A disbarred attorney who was once tapped to run elections in Kane County has a little more than two weeks to cough up $14,000 or risk possibly spending time in jail for contempt of court.
David Bruun, 72, of Elgin Township, was sentenced to eight years prison after being convicted of bilking an elderly man out of a $500,000 trust in 1998. He has been ordered by Judge James Hallock to pay a $14,000 lump sum to get current on restitution payments owed to the victim, records show.
“Defendant was advised that he was not going to be taken into custody today on the finding of indirect civil contempt but could be taken into custody in the future,” a December court order reads.
Bruun’s felony criminal past came to light after he was hired, and then resigned, as the county’s director of elections in 2007. He had fought the restitution owed to the victim, saying the circuit court no longer had jurisdiction over the matter because Bruun’s mandatory supervised release ended in 2004.
Prosecutors maintained that Bruun had not made a $320 monthly restitution payment since October 2008. Authorities say he still owes $244,616.82, but Bruun is fighting that and also could argue that before Hallock on Feb. 20.
Probation for groping at Target: A 25-year-old Glen Ellyn man, who was accused of groping teenage girls on three different occasions at Target, 3885 E. Main St., St. Charles, recently pleaded guilty to misdemeanor battery.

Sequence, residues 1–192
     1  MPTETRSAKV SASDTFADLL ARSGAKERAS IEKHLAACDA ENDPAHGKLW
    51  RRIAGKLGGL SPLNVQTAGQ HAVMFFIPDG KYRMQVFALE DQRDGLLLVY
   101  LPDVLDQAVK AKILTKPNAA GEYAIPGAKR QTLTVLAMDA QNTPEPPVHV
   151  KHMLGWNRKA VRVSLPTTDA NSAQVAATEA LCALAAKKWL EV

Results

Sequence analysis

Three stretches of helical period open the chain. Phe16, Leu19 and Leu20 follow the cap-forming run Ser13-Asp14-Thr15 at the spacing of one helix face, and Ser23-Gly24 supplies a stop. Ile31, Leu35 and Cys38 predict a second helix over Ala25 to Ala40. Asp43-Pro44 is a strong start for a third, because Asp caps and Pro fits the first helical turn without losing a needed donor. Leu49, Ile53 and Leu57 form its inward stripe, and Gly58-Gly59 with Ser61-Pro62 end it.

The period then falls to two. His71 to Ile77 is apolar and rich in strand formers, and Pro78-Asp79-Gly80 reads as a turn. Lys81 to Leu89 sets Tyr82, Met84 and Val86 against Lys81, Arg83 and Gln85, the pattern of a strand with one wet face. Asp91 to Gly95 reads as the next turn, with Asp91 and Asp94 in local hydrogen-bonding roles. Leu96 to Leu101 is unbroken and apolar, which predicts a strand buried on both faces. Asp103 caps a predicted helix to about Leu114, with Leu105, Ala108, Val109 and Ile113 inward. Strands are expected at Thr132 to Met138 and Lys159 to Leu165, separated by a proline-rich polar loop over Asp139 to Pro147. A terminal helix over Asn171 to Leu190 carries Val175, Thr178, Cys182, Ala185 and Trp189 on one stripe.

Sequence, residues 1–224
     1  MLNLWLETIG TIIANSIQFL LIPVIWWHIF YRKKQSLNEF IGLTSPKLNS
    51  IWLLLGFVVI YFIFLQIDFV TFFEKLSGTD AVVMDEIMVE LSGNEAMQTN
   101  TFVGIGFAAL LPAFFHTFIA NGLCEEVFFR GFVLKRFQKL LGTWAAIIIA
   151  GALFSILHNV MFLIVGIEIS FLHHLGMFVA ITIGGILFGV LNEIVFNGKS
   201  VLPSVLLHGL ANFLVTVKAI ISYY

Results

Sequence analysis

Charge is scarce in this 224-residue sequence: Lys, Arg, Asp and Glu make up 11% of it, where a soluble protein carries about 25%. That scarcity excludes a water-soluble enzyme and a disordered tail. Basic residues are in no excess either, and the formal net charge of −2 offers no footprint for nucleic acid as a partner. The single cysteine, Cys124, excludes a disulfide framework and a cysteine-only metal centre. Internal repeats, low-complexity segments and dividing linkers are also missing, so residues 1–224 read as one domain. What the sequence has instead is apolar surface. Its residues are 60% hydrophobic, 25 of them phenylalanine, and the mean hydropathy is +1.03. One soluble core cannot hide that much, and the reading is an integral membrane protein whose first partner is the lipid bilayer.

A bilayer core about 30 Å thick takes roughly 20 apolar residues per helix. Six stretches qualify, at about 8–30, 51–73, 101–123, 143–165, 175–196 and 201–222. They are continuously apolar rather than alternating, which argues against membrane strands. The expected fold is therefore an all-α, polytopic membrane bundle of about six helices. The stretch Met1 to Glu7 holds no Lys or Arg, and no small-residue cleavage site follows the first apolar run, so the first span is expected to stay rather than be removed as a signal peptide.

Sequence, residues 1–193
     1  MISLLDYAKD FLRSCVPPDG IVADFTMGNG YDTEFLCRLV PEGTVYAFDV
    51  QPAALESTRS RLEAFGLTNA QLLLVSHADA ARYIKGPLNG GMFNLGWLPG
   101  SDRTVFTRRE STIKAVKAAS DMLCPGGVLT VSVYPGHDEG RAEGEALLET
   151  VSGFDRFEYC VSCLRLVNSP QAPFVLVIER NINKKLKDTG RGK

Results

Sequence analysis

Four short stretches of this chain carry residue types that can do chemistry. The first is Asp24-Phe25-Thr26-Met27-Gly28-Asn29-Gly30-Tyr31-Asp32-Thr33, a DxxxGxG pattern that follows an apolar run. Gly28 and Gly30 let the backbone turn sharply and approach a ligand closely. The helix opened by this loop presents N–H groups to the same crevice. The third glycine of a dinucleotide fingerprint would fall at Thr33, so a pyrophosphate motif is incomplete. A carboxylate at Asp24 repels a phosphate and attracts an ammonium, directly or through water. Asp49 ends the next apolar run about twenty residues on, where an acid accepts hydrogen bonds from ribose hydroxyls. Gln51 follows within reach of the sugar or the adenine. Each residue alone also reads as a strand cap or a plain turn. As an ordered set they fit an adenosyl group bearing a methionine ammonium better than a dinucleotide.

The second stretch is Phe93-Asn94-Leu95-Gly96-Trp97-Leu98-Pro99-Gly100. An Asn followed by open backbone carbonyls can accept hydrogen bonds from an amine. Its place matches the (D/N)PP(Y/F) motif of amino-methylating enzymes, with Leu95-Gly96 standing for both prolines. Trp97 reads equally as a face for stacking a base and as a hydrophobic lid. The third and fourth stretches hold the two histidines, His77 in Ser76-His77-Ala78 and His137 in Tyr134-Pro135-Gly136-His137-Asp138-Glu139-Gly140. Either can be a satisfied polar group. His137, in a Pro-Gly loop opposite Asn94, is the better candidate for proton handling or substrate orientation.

Nicholas E. Muniz, of the 200 block of May Avenue, was sentenced to two years probation and ordered to undergo a sex offender evaluation at the Kane County Diagnostic Center by June 26 and comply with any recommendations.
Muniz also was sentenced to 45 days in jail and shall have no contact with the victims. He was accused of grabbing a girl May 13. Charges from other incidents were dropped under the plea agreement accepted by Judge John Dalton.
A job well done: Longtime Kane County Associate Judge Patricia Golden retired from the bench last week. She was a judge since 1996, helped found the Kane County Child Advocacy Center in 1993, presided over the county’s drug court and drew plenty of praise from her colleagues and peers.
“She served with honor, distinction and humility both the legal community and the people of Kane County, as an assistant state’s attorney, the first director of the Kane County Child Advocacy Center, and later as a judge,” Kane County State’s Attorney Joe McMahon said. “Judge Golden’s commitment to the people, her sense of fairness, and her dedication to justice for all will be missed.”
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